I am the very model of a nineteenth centíry historian, I have information Lincoln, Polk, Jacksonian. When it comes to US battles I am very full of trivia, From Montezuma to the shores Algeria. Roosevelt I envy for his awesomeness, Coolidge I disdain for his shamefulness. My forte urban and Michiganian, I am the very model of a nineteenth centíry historian.

  9. #54
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    Quote Originally Posted by trechriron View Post
    For me it's about the story, not the science. :-D
    I agree. Still, many like to play with the balance between the two. Give just enough science to let the reader/player consciously go "uh huh, yup, on board with that" but allow some play with the story that excites and surprises them.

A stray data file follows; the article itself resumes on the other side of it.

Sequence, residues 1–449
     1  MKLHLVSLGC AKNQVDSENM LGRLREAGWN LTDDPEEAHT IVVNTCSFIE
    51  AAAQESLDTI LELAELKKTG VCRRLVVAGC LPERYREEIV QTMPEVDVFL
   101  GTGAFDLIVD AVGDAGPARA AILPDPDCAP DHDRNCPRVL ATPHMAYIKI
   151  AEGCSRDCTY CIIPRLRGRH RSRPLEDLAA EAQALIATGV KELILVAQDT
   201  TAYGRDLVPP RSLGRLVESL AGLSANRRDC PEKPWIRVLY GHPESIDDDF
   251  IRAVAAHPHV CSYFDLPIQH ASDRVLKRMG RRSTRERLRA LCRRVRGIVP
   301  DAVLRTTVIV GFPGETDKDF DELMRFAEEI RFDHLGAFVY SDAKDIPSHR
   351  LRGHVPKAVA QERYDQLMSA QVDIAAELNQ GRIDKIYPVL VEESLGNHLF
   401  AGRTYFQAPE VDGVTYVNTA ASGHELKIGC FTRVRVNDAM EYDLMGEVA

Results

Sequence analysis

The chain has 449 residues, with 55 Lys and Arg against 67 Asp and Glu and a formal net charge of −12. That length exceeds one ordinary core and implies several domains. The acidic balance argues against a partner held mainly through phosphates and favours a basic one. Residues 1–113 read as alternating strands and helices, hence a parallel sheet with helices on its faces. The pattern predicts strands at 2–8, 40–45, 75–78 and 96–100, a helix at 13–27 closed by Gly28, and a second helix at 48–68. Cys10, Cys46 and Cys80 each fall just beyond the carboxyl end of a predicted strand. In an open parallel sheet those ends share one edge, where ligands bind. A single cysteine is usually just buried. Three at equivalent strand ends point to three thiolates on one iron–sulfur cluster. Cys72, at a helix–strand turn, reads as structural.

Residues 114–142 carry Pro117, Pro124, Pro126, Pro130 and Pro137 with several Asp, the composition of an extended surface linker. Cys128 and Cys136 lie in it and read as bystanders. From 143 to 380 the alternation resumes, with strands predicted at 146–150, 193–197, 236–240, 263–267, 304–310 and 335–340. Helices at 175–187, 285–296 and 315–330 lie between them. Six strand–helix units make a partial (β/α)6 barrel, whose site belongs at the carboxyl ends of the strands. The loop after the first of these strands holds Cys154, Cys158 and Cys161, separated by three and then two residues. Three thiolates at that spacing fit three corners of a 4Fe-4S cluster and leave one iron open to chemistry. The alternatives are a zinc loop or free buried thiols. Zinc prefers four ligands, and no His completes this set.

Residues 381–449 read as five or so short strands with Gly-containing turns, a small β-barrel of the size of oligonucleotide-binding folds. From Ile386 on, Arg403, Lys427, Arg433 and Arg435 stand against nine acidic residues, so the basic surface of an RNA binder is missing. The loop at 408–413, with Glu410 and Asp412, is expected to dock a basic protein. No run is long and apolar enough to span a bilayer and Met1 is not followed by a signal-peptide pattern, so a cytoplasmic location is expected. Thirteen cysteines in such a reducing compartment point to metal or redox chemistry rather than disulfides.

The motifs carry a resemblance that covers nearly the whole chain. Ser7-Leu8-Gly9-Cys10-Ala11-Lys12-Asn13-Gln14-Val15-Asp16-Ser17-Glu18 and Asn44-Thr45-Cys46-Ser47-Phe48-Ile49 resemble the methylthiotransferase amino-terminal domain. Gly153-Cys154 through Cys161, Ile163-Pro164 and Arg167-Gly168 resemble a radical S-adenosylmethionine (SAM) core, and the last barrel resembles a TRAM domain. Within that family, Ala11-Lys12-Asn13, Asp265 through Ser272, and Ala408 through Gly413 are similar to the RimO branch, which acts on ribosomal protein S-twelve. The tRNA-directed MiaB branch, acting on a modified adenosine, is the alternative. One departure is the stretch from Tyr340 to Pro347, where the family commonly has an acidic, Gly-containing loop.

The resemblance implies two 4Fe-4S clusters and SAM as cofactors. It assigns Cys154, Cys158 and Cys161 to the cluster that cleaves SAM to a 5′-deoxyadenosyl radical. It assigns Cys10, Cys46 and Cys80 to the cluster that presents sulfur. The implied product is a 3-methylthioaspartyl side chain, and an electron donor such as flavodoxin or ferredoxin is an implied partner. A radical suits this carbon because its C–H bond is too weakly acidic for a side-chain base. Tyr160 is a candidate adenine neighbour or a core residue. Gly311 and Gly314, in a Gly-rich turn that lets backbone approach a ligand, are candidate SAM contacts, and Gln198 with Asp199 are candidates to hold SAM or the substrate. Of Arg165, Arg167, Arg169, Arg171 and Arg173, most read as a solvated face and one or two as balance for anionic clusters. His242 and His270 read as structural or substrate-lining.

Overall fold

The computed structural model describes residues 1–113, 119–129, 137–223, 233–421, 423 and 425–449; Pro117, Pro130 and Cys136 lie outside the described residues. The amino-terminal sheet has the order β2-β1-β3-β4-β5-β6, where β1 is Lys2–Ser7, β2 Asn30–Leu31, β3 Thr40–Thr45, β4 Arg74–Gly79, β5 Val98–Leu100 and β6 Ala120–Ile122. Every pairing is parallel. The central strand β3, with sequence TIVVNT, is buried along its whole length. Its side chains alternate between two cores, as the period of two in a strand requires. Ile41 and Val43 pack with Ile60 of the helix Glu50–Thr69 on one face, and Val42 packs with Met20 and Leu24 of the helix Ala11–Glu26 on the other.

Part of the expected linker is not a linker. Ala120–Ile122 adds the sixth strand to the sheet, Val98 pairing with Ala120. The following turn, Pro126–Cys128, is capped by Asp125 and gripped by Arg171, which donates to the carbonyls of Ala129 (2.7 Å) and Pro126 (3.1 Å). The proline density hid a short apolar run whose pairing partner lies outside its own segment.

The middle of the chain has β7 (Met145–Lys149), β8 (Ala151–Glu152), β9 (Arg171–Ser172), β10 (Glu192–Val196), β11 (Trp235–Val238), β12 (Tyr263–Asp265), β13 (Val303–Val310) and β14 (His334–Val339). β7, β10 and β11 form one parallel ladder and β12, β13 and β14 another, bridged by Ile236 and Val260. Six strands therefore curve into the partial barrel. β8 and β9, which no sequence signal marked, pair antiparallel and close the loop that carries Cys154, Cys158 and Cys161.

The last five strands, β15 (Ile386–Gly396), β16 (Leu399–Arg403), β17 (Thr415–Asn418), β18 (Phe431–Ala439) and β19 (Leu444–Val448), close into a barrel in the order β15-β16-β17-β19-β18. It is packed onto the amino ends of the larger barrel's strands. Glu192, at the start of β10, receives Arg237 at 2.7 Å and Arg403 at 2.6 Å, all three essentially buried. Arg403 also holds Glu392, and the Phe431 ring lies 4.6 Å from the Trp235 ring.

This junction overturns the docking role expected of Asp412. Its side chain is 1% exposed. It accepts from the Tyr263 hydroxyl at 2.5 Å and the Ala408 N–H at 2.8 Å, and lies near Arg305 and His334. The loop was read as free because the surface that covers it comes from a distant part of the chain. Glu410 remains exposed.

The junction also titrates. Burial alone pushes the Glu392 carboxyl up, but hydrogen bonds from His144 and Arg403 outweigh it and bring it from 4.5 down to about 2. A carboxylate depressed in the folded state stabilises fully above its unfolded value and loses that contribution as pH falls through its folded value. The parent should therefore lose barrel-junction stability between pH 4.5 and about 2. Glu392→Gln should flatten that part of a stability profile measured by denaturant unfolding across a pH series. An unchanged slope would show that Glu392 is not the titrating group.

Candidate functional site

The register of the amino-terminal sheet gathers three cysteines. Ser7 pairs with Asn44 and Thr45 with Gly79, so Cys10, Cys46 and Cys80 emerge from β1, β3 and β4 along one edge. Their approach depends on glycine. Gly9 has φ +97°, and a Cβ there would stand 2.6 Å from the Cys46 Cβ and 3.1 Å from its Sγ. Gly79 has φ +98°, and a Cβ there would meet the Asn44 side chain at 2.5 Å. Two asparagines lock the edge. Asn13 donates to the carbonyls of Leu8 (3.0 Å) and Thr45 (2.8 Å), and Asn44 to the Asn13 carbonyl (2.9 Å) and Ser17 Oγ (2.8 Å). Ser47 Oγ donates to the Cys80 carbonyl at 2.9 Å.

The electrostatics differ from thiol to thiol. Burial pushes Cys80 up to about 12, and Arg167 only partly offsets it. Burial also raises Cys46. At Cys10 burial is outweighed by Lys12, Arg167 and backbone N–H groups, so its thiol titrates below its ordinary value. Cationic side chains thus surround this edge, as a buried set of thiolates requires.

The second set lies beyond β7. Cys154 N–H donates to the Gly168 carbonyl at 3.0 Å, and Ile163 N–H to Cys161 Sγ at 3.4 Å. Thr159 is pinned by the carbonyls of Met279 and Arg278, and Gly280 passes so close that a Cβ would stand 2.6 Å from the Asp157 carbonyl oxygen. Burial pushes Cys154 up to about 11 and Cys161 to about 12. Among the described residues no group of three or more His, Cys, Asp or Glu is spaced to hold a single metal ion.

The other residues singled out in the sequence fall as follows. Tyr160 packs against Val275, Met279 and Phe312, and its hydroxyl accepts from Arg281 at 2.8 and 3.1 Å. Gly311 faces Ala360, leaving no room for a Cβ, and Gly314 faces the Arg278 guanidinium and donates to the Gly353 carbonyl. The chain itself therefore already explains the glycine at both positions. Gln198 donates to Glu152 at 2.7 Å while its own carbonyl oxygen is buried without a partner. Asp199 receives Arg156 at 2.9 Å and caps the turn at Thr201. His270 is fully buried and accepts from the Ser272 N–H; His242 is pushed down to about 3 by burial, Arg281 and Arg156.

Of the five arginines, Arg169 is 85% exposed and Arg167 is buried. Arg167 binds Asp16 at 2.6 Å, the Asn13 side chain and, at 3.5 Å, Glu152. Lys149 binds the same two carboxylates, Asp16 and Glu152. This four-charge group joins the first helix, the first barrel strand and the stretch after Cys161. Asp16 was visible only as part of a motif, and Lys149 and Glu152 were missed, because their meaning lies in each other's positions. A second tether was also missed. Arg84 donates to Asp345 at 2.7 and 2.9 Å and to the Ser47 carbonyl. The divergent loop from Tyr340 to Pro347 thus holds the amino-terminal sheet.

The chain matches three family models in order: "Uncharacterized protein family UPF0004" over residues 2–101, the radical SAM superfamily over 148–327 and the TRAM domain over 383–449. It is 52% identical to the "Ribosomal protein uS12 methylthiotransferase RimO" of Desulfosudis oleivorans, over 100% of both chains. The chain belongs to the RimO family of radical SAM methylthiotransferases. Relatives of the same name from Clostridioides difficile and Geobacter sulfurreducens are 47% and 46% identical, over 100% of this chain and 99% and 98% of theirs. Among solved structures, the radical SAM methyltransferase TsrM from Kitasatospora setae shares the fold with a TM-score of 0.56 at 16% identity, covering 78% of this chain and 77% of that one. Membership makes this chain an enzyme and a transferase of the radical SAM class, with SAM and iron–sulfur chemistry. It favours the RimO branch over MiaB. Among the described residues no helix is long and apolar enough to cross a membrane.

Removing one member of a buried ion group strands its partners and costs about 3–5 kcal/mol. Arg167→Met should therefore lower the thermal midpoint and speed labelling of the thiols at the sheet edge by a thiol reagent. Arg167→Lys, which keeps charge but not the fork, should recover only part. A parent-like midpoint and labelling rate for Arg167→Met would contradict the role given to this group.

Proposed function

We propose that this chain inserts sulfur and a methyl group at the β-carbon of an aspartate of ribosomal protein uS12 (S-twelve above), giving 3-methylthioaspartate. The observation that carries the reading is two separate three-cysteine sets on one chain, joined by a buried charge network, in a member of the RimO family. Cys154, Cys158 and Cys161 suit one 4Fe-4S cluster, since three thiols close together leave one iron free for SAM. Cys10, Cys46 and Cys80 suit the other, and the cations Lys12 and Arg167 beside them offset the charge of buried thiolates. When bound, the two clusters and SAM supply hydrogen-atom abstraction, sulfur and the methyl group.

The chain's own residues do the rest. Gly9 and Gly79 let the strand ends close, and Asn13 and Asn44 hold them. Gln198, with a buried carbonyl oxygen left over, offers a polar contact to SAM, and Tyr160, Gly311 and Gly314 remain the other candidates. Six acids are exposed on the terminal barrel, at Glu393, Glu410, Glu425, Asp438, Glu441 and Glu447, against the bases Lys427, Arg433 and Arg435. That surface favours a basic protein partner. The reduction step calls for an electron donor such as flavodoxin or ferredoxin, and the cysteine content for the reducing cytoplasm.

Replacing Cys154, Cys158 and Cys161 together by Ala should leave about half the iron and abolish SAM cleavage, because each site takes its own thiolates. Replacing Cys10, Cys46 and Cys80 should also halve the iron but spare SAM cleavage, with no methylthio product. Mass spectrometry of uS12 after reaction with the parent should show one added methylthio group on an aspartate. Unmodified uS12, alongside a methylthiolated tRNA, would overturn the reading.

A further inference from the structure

10. #55
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    Quote Originally Posted by tesral View Post
    And assuming that artificial gravity is "magical".
    Honestly I'm bored with the Standard Science Fiction Setting. It's a product of live-action budget constraints and lazy writing. By going back to "hard science fiction", I'm trying to make a science fiction interesting, and find different freedoms within different constraints. Besides, fighting in micro-g would be cool.

    But, getting back to the topic, I'd love to see a setting based on Big Ideas that SF thrives on. An indie game, Shock: Social Science Fiction, took a stab at it, but it's really only good for one-shots and improv gaming. Even some of the past Big Ideas are getting a little overused. Blurring lines between man and machine? Transhuman Space, Eclipse Phase, every cyberpunk game of the 1990s. Genetic manipulation? Transhuman Space again. Shiny dystopias? Paranoia, Ex Machina. Retro-futures? Space 1889, Forgotten Futures.